Struggling Melbourne suburbs thrown 'much-needed lifeline' with new vaccine shipment
To give a sense of the difficulties of living in a COVID-9 hotspot, Campbellfield doctor Umber Rind shared her experience of trying to pick up basic groceries.
"I had to go to the chemist to get something for my son yesterday. But the local chemist closed down. So we went to another one. That one was also shut with COVID-19 exposure," she said.
"It's really hard to now even just find little things like that which we took for granted before."
Melbourne's northern suburbs have become a main battleground in the latest outbreak.
Two-thirds of Sunday's 392 cases can be traced back to the north, with the vast majority in Hume, Moreland and Whittlesea.
With an ever-growing list of exposure sites dotting the suburbs, anxiety has started to creep into daily life for some residents.
"It's definitely been very scary. I've felt very worried going to local shopping centres. I've been taking extra precautions, not just as a doctor," Dr Rind said.
"I've been ordering online. Avoiding going anywhere unless it's absolutely necessary."
Dr Rind herself has just completed a two-week period of isolation, after her New Leaf Medical Clinic on Sydney Road was deemed a tier 1 exposure site.
She said the latest outbreak centring on her suburb had made COVID-19 a reality for many of her friends and neighbours.
Dr Rind said a recent change in mindset within her local community was clear from reading online forums and social media groups.
"You can see now people are recognising that it's real and those who thought it wasn't real or had this idea that it was all a conspiracy are now unfortunately experiencing it with infections within their family."
Craigieburn father and daughter Rodney and Lorrae Jones both contracted COVID-19 last year.
The diagnosis came as a total surprise, bringing the reality of the pandemic crashing down on their family home.
"I still can't believe that we actually got it," Lorrae said.
"You think you're invincible, you're not going to get it. But we got it," Mr Jones said.
With multiple underlying health conditions, including having had a quadruple heart bypass, Mr Jones thought the diagnosis might have been fatal.
"I thought if I ever got [COVID-19], then see you later, but thank [goodness] I'm still here," he said.
Mr Jones admitted some residents in his neighbourhood were not adhering to public health orders as diligently as they should be.
"When I just walk around the shops up here, people are not wearing masks, which is more the younger generation not the older ones," he said.
"Congregating, like they're having a coffee, masks down and talking to each other. They're just not obviously listening or they don't know."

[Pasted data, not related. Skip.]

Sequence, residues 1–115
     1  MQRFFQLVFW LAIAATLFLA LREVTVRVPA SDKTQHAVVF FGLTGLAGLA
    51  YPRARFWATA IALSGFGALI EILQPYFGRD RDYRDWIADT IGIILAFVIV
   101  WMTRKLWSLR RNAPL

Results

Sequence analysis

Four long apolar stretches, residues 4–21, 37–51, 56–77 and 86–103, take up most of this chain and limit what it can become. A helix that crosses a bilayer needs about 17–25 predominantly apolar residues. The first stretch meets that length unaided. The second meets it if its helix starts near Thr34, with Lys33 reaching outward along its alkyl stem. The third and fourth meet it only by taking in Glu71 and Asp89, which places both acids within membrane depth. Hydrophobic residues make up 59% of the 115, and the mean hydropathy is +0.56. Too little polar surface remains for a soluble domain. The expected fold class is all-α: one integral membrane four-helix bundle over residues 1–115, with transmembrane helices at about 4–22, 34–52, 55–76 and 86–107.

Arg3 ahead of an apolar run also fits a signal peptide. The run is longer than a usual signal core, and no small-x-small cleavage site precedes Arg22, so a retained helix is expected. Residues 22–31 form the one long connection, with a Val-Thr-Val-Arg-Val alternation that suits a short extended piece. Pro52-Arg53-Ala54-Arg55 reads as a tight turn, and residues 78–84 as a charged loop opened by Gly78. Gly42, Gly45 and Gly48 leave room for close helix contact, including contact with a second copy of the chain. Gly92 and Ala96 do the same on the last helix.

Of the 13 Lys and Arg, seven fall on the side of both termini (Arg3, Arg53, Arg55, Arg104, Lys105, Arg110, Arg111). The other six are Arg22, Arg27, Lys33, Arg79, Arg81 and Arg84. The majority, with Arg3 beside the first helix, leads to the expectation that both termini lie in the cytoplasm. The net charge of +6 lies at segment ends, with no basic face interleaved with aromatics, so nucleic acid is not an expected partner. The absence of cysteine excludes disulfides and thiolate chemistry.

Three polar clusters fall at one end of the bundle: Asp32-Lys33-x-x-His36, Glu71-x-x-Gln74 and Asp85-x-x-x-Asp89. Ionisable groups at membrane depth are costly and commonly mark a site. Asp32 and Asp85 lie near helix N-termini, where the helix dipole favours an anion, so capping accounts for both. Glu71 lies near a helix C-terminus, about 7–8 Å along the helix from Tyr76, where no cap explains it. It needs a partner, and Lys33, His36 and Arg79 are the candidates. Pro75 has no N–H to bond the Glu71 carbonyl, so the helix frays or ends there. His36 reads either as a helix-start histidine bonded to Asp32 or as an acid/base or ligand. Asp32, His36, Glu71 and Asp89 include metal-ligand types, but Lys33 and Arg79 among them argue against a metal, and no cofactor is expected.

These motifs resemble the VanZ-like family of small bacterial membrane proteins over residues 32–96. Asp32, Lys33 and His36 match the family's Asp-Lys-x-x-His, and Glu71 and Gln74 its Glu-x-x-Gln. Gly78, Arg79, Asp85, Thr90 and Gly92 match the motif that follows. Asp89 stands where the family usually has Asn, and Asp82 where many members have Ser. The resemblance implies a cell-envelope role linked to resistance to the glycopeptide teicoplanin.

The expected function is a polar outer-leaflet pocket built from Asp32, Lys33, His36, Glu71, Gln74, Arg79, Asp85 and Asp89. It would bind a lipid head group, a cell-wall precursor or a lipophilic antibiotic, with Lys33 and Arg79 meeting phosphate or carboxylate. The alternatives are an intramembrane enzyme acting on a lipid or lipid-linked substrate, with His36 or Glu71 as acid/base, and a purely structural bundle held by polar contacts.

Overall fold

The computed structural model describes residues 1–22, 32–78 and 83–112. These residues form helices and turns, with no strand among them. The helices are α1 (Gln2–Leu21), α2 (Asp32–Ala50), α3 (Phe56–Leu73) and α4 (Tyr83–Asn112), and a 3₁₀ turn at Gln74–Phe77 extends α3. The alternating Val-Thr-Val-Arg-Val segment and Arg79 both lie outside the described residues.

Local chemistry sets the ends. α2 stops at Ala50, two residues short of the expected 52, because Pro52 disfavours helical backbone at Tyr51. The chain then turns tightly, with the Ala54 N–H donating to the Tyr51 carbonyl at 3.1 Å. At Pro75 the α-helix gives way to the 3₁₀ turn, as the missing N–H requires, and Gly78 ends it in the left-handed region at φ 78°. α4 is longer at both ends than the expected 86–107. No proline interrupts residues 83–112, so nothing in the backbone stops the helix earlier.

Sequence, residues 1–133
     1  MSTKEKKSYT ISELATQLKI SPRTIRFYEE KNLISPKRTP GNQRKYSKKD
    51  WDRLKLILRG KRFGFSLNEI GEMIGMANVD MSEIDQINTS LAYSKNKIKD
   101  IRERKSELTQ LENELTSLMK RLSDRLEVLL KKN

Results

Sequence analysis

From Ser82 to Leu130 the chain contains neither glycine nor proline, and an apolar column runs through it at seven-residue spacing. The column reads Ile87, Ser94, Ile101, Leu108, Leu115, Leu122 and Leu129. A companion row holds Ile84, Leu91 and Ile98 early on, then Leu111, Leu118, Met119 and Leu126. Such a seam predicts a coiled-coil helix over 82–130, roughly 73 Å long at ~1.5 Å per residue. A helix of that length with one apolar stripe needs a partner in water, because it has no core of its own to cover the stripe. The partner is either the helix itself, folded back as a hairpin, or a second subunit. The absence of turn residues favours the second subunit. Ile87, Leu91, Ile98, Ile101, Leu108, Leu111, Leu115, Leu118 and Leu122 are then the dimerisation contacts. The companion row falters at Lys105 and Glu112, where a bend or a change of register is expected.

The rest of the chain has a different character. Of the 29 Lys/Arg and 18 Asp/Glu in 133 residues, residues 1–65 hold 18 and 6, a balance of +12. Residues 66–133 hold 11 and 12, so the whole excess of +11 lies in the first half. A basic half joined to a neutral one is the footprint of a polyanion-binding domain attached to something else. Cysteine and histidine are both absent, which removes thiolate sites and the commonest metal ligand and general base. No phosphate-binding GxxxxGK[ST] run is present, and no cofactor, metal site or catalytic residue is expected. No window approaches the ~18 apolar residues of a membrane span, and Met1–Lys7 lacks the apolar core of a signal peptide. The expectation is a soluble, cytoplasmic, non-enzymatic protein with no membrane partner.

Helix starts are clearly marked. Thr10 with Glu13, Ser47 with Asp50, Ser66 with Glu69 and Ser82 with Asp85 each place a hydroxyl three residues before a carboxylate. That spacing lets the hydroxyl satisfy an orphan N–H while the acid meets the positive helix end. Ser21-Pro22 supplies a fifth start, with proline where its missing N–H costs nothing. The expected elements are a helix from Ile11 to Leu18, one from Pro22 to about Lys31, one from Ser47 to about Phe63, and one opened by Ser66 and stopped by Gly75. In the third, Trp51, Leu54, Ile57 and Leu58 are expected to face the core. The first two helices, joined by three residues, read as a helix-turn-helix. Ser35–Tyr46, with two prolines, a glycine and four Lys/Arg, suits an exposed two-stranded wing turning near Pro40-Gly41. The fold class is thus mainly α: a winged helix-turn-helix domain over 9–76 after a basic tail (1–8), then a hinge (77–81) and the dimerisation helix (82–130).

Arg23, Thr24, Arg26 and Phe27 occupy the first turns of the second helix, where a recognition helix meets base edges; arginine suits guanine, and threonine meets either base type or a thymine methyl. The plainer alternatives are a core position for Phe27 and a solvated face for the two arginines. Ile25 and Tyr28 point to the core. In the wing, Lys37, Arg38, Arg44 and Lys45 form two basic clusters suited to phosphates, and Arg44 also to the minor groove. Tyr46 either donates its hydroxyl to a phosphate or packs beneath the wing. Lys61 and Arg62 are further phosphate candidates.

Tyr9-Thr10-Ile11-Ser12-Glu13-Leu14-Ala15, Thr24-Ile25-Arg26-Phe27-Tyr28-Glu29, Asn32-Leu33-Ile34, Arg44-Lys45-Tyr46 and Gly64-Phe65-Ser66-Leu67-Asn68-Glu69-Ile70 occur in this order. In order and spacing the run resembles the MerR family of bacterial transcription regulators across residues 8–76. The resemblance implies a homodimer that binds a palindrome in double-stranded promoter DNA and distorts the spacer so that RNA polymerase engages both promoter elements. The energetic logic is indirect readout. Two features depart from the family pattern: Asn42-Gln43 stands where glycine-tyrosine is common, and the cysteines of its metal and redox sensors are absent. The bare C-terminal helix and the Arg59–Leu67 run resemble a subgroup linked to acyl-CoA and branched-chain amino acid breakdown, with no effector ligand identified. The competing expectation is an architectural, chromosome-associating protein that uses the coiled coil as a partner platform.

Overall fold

The Victorian government is now committing to establishing pop-up vaccination clinics in 100 priority postcodes that have high case numbers.
"Postcodes where there are case numbers, postcodes where … perhaps not enough people have been through the vaccination program," Premier Daniel Andrews said yesterday.
"They will be in areas that need it the most, so where the outbreak, where cases are, and where cases are potentially growing, so in Hume, Dandenong and Casey."
Worryingly, the latter two council areas are in Melbourne's south-east.
Meanwhile, the federal Health Minister Greg Hunt said the federal government would parachute 417,219 doses into Victoria in an attempt to stem the flow of the virus.
"I am very pleased both with my national role but, as a Victorian, that we've been able to respond to and exceed the Victorian government's requests," Mr Hunt said.
"This blitz [involving] GPs, pharmacies and state [vaccination sites], will focus in particular on the north and west of Melbourne, where we are seeing similar challenges to those faced in Sydney."
The blitz will include 180,786 Moderna doses "over and above" what would otherwise have been received by Victoria.
Melbourne's north celebrates vaccine delivery
Residents and community leaders in the north of Melbourne have applauded the initiatives.
According to Dr Rind, the new doses are critically needed at her practice.
"I think it's a much-needed lifeline. We needed easily accessible vaccination hubs or points for people," she said.
Dr Rind said the long wait times for Pfizer had slowed the vaccination rollout in her local area.
"Many GP clinics, such as my own, even though we requested Pfizer early, we still haven't received it," she said.
"Pop-up clinics that are at least offering that are definitely needed, because we have definitely seen a change in attitude towards the vaccine, where people who were hesitant are now, after seeing that [COVID-19 is] real, going and getting vaccinated."
Community leaders have echoed Dr Rind's thoughts, saying their neighbourhoods are desperate to be vaccinated.
Dalal Sleiman is the president of Australian Chaldean Family Welfare, a not-for-profit organisation that supports Chaldean and Arabic speaking communities across Melbourne.
AFCW has spent much of the outbreak making video recordings in Chaldean, Assyrian and Arabic for social media, providing vaccination information to residents living in areas affected by the outbreak.
Ms Sleiman explained that, while a language barrier had slowed vaccine uptake in some areas, the community was overjoyed at the announcement.
"We are very happy about it. Most of [the community] are bilingual speakers but, unfortunately, they don't speak English," Ms Sleiman said.
"In terms of coming and making an appointment, it makes it really hard for them.
"When the hub opened at Campbellfield, we made a few appointments for people," she said.
"They are all very eager to get vaccinated. They can hardly wait for their turn to come."
According to the federal government, the 400,000 additional doses will be sent to Victoria this month.